Rescuer of Ridings 'feels a bit of a fraud'
While Mr Clark has always been amused by his macho media image, his ego seems to have been reassuringly unaffected. He sounds bemused by the fuss and produces the classic Oscar-winner's reaction to his honour: "I feel a bit fraudulent. The Ridings recovery was down to a lot of other people's efforts. The Ridings was just one short episode in my career."
The crisis at the Ridings dominated headlines for a couple of weeks in November 1996 - it was portrayed as the "school from hell", with rioting children, plummeting standards and a staff that had lost the plot. After a crew from BBC's Panorama "exposed" the situation on national television, the school was besieged by hundreds of reporters and cameramen and a team from the Office for Standards in Education declared the place a threat to public order and closed it for a week.
When Peter Clark and his deputy, Anna White (who is now head) were drafted in from neighbouring schools, one of the first things they did was to point out that neither the children nor the staff were uniquely dreadful, and then set about restoring a normal atmosphere with new carpets and security doors and a hands-on management style.
Mr Clark returned to his old school, Rastrick high, in July.
He says he doubts whether publicly honouring a few heads will be enough to restore the relationship between the profession and the Government.
"I don't think the outside world has ever really understood how much teachers have resented the constant carping criticism over he past few years. People who criticise teachers do not have to work to the same standards of performance all day, every day in their own working lives. We need a proper partnership with the Government and the classroom teachers, not just a few heads."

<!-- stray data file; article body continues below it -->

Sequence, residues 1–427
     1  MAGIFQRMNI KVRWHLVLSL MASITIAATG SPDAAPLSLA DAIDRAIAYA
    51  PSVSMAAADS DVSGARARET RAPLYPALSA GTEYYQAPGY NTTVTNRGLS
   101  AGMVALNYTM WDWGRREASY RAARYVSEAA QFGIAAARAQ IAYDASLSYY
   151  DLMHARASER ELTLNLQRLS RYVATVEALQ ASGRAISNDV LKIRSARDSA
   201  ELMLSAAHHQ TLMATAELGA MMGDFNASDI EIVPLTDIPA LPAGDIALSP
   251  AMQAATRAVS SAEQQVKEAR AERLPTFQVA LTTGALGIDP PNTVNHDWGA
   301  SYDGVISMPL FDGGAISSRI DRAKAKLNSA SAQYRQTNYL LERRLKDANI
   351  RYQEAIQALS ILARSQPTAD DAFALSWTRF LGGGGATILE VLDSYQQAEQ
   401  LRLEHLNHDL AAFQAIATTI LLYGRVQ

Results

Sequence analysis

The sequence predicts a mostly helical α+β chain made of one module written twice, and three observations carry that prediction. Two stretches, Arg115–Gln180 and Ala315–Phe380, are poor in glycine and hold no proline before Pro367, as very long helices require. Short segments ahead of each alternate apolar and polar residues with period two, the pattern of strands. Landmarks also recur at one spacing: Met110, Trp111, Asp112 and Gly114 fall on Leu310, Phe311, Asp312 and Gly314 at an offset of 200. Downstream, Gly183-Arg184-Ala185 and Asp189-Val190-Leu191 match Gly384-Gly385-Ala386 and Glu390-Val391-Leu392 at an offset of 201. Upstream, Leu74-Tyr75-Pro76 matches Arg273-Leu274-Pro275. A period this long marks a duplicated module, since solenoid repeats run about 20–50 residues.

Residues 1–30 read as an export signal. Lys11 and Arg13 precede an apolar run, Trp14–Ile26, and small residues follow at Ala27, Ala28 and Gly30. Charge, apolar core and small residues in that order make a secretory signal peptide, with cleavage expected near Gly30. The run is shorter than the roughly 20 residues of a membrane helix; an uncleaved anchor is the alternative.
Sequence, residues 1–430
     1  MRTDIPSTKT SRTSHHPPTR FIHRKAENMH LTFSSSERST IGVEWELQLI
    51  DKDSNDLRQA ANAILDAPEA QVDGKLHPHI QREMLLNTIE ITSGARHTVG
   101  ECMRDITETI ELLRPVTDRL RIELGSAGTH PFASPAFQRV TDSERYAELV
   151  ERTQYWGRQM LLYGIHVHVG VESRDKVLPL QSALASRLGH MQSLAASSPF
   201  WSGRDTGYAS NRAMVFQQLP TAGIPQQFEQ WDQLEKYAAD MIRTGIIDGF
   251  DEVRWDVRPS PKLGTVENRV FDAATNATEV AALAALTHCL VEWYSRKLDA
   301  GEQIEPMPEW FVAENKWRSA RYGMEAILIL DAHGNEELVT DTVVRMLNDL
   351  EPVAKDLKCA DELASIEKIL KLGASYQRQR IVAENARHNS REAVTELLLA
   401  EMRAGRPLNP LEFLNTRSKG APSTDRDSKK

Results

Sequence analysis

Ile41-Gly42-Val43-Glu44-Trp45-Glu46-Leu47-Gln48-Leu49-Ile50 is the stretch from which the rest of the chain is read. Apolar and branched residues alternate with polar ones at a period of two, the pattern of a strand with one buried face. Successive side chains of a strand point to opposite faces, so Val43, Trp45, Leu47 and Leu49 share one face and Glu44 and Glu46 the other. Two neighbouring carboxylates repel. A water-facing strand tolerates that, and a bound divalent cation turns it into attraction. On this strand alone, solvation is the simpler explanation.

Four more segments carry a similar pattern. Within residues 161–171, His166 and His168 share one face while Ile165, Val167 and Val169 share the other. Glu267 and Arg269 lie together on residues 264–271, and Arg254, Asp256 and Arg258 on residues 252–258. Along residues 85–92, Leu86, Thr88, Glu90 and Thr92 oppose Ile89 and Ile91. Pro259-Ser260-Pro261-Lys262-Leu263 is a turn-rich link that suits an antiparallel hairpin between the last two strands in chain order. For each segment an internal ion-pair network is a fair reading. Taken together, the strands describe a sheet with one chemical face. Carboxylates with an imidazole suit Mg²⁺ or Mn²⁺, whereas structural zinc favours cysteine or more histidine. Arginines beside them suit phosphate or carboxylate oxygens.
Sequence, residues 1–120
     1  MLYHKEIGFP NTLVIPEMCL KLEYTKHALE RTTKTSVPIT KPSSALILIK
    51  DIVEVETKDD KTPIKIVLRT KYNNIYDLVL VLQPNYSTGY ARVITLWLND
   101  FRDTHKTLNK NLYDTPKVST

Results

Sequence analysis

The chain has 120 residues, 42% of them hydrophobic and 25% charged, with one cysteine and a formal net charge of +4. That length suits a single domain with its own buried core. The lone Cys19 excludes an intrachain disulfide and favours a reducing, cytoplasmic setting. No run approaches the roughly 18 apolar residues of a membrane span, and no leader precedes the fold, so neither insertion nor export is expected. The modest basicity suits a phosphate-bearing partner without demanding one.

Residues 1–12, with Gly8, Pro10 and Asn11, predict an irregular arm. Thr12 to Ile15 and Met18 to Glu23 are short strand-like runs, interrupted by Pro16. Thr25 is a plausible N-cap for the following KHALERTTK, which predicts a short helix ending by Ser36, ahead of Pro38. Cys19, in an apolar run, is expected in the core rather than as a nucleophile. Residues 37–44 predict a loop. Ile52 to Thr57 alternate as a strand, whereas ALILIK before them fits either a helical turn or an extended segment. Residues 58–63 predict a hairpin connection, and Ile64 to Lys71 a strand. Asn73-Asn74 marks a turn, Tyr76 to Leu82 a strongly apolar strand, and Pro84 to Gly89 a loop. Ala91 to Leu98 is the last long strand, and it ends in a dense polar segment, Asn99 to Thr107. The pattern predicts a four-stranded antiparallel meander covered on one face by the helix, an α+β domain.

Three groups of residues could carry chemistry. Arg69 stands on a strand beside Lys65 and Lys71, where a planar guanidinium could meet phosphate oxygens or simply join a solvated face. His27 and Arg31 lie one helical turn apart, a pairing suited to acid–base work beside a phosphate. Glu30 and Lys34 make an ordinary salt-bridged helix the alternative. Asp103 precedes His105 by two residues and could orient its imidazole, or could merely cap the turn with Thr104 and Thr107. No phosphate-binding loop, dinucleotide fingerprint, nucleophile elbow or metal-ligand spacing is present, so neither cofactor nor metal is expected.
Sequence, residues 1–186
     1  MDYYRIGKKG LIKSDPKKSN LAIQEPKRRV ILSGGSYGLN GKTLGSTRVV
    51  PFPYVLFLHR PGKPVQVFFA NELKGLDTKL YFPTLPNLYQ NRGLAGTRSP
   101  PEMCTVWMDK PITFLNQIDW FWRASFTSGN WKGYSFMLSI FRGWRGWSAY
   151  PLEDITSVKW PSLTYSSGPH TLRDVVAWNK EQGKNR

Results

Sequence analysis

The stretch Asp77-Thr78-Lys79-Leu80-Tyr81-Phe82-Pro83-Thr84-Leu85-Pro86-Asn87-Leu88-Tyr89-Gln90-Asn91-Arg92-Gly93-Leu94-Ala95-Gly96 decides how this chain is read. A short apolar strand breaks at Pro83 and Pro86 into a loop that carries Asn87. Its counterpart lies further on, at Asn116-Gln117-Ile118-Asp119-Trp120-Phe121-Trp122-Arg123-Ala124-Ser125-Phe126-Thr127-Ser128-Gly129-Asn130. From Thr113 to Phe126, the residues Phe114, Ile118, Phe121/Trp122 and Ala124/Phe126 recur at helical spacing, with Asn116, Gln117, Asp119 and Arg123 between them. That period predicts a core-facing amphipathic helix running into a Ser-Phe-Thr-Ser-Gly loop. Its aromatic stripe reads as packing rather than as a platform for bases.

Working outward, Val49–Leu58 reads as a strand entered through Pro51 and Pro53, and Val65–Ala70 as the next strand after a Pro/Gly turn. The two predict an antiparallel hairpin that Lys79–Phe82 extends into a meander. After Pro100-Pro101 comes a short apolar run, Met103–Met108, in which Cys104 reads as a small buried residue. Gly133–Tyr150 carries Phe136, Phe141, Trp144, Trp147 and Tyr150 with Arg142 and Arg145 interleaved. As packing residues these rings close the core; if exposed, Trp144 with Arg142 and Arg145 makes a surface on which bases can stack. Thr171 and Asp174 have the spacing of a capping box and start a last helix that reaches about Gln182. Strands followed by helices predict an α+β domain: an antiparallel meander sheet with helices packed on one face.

He admits that the General Teaching Council could help the profession grow up by making it self-policing. He also challenges the mantra of falling standards. "It's very unfair. Secondary schools over the past 10 years have changed out of all recognition. In 1984 at Rastrick high (then called Reins Wood), just one child out of 120 got a few good exam results. Now, 50 per cent are getting five or more A to C GCSE grades and Rastrick is not atypical."
His experience as former head of the prototype "named and shamed" school has not endeared Labour's policy to him. "I think naming and shaming is essentially negative; it doesn't work on its own. At the Ridings, the crisis brought new resources from Calderdale council and intensive HMI attention.
"One of the things that is lacking about the OFSTED system is that once a school is declared failing, you produce an action plan and then they come back and monitor it at some point. That leaves a fair bit to chance."